Higher education officials in Missouri are withdrawing their attempt to offer scholarships to students at an online university after drawing criticism from some traditional institutions.
A joint House and Senate panel scheduled for this week would have looked into blocking a suggested rule change for scholarship eligibility that would reconsider the term “located in Missouri” for institutions in the state. The idea was to offer Access Missouri scholarships to students who attend Western Governors University-Missouri, an online school.
However, that hearing was cancelled earlier this week after the rule change was withdrawn by the Department of Education. According to a memo released by the department to the legislative committee, the department had wanted to “provide additional time to discuss the issues further with interested parties.”
Governor Jay Nixon had asked the agency to find a way for WGU-Missouri students to receive state financial aid after he signed an executive order in February 2013 allowing for the Missouri branch of the online school, which is based in Salt Lake City, to open.
The rule change saw opposition from the Independent Colleges and University of Missouri, a group of 21 private universities in the state. The group believes that any changes to state scholarships should be accompanied by a change in the law, not merely a rule by a state agency. The group also discussed fears that other out-of-state institutions would make use of the scholarship, which would broaden the applicant pool and result in less aid available for each student.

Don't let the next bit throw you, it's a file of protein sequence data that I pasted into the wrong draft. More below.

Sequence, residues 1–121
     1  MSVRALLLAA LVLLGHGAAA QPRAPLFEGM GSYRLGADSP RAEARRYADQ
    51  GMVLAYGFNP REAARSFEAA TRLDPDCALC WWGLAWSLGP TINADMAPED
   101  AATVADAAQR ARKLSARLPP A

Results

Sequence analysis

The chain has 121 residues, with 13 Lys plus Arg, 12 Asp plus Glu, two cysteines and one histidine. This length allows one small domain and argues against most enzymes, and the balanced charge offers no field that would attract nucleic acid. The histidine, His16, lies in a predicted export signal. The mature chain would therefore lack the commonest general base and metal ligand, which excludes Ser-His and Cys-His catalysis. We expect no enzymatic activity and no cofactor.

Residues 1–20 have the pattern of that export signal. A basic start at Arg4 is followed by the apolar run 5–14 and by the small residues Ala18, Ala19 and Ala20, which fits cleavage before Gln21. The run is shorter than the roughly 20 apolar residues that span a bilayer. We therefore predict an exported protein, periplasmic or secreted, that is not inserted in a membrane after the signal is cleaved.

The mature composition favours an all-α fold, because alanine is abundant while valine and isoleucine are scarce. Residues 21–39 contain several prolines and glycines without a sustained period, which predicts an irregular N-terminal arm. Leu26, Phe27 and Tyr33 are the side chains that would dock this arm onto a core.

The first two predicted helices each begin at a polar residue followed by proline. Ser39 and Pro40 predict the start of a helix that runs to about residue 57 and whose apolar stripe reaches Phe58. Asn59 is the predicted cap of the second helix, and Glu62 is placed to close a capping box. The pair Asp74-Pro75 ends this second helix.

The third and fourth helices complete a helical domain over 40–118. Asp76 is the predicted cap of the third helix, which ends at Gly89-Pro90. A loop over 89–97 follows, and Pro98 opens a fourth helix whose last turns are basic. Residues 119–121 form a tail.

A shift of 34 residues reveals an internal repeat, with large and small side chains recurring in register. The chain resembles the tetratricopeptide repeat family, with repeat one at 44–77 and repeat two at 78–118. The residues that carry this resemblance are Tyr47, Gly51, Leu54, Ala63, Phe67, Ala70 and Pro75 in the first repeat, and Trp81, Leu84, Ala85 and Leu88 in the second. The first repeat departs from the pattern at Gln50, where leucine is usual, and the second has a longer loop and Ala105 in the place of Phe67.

“We’ve decided that rather than go forward with this — if there are these level of questions — we’re better to take the time to talk to them and see what kind of compromise position we can meet,” the agency’s deputy commissioner, Leroy Wade, said in an interview Tuesday.
If the department wants to consider the rule change again, it will have to start from square one, which can take six months or more.
“We’re still optimistic that there will come a point where we’re able to have our students access those funds — it’s just a matter of time,” said Angie Besendorfer, the chancellor at WGU-Missouri.
Currently, students who attend WGU-Missouri cannot apply for state financial aid, because the school is not considered to be located in Missouri. The rule change would allow an accredited university with its main campus located elsewhere to qualify for state aid so long as it has a building in Missouri, employed by at least 25 Missouri residents, attended by at least 750 Missouri students, with a Missouri-based oversight board and they agree to offer data to state officials.
All of those criteria would have been met by WGU-Missouri.
Other students in the state who participate in the A+ scholarship program may see a drop in the amount they receive as a spending shortfall may result in less funding available for the program. It is unknown exactly how much less money will be available, but it is estimated that students may have to pay out of pocket for one to three credit hours.